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This summer time hasn’t just felt like the hottest ever — it basically has been. July 2019 is now officially the hottest month on record, given that record-maintaining started 140 years ago. 

The typical worldwide temperature final month was 1.71 degrees Fahrenheit above the 20th-century typical, the National Oceanic and Atmospheric Administration (NOAA) announced Thursday. It follows the hottest June ever recorded, marking a single of the hottest summers in current history. 

Previously, July 2016 held the record for the hottest month ever. As of now, 2019 is tied with 2017 as the second-warmest year on record. 

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This month-to-month summary was created by scientists at NOAA’s  National Centers for Environmental Info.

NOAA


The final 5 Julys have been the 5 hottest of all time, and final month marked the 415th consecutive month with above-typical worldwide temperatures, scientists at NOAA’s National Centers for Environmental Info stated. 

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Alaska, Central Europe, northern and southwestern components of Asia, and components of Africa and Australia suffered the most intense departures from standard higher temperatures, experiencing their hottest year to date. 

This summer time has been marked globally by unsafe heat waves. A deadly heat wave gripped a lot more than half of the U.S. in mid-July, causing at least six deaths across the nation.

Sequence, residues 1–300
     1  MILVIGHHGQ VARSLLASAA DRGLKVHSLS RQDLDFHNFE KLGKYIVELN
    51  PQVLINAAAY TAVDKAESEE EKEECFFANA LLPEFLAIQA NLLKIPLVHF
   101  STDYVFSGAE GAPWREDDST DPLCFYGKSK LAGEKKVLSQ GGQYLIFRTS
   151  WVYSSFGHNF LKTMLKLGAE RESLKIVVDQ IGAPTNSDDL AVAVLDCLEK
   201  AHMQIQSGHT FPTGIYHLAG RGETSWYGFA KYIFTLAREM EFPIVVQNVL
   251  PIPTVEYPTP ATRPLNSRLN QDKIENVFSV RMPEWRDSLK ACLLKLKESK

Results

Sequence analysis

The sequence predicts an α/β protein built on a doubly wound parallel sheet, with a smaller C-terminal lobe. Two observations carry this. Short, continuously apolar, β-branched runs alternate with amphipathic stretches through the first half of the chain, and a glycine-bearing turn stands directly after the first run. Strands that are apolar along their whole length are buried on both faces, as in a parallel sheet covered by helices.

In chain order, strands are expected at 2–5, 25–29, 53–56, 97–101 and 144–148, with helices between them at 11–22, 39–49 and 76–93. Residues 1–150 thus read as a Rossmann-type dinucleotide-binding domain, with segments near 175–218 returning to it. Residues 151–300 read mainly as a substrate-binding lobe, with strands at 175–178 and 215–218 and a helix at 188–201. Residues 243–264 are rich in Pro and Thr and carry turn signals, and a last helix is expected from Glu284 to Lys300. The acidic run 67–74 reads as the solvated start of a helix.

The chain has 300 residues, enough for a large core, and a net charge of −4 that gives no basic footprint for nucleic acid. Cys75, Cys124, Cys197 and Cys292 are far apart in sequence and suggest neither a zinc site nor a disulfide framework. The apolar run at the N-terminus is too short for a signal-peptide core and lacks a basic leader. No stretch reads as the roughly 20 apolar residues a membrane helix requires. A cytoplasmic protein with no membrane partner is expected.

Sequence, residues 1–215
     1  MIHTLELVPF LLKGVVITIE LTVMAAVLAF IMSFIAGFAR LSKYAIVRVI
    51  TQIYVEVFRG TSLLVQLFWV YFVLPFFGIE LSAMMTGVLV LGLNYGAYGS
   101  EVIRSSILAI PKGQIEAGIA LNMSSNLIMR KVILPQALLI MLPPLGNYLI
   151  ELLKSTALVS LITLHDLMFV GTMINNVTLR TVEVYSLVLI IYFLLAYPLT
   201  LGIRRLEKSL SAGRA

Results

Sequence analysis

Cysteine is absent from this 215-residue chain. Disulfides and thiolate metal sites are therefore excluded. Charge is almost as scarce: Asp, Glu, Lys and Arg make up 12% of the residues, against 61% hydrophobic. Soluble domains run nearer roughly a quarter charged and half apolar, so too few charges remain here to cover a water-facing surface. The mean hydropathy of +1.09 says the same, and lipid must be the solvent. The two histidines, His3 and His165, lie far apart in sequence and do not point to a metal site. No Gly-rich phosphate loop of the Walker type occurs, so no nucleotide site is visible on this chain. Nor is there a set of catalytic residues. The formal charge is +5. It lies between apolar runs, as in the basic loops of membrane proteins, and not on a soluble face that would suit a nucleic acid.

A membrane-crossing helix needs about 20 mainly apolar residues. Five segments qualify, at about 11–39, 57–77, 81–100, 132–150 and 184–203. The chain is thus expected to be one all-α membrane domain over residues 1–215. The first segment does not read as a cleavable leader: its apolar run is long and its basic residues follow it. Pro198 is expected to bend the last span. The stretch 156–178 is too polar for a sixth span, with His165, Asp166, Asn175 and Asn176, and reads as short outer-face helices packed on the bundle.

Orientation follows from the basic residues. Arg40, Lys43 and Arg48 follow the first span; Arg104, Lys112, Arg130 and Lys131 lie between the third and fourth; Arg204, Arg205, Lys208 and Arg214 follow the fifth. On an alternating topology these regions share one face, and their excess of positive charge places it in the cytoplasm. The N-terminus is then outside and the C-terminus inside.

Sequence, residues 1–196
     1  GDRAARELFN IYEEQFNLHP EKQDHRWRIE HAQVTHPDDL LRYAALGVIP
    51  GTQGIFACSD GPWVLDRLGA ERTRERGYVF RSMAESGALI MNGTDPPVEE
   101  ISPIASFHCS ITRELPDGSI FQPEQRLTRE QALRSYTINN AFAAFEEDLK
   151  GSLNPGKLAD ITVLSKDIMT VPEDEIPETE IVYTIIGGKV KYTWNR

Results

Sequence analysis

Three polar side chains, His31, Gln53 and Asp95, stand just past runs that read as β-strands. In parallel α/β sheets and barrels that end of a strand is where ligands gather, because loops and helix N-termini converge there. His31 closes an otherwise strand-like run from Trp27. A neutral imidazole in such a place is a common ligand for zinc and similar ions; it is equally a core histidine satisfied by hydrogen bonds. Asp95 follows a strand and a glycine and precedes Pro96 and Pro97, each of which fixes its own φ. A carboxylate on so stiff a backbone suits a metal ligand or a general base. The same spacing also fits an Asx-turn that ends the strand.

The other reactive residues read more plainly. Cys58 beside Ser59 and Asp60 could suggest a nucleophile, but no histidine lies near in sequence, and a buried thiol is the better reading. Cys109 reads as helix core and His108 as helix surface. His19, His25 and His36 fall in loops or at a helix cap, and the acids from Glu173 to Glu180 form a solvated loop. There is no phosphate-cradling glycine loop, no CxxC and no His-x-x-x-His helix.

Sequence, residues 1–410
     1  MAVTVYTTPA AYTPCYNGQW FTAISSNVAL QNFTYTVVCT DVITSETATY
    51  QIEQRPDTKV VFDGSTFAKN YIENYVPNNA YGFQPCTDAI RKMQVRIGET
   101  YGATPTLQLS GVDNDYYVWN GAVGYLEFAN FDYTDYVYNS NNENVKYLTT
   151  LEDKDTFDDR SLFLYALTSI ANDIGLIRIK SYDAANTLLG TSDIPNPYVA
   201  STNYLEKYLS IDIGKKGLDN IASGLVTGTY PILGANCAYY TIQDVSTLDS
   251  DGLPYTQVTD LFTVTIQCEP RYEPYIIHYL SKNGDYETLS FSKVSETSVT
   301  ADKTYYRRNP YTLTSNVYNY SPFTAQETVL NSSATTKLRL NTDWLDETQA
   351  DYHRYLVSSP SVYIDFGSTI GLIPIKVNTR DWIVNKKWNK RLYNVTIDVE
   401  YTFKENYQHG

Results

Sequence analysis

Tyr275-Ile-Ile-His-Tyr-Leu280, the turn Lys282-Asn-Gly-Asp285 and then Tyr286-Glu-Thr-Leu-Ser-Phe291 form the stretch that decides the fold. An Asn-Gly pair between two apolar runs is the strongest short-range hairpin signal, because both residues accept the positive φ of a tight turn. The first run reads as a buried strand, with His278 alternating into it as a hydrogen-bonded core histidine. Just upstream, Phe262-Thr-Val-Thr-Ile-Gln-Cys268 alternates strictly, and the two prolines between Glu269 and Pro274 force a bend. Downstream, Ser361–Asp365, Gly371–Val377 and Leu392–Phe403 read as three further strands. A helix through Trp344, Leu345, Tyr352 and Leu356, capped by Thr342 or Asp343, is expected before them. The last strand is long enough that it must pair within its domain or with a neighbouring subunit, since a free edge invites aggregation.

Europe also discovered faced life-threatening heat situations last month, with France, Germany, Belgium, the Netherlands and Britain all hitting record temperatures. It hit 100 degrees in London and 109 in Paris —  the highest temperature ever recorded there. 

On the final day of the month, the heat wave moved from Europe to Greenland, melting its ice sheets at dramatic prices. Eleven billion tons of ice melted across the nation in just a single day — its largest melt of the season

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The Arctic sea ice extent set a record low for July at 726,00 square miles (19.eight%) under the 1981–2010 typical and 30,900 square miles under the now second-lowest July sea ice extent set in 2012, according to an evaluation by the National Snow and Ice Information Center utilizing information from NOAA and NASA.

NOAA


Roughly 197 billion tons of ice from Greenland melted into the Atlantic Ocean in July, Ruth Mottram, a climate scientist with the Danish Meteorological Institute, told CBS News. That is about 36 % a lot more than scientists anticipate in an typical year. 

According to NOAA, typical Arctic sea ice set a record low for July, operating 19.eight% under typical — surpassing the prior historic low of July 2012.

Scientists continue to warn that human activity is heating the planet at a unsafe price, and higher temperatures pose a a lot more lethal threat to humans than any other variety of intense climate occasion. The International Federation of Red Cross and Red Crescent Societies lately warned the threat posed by intense heat “will only develop into a lot more severe and a lot more widespread as the climate crisis continues.”

UN report warns climate alter is minimizing planet’s capability to help humanity



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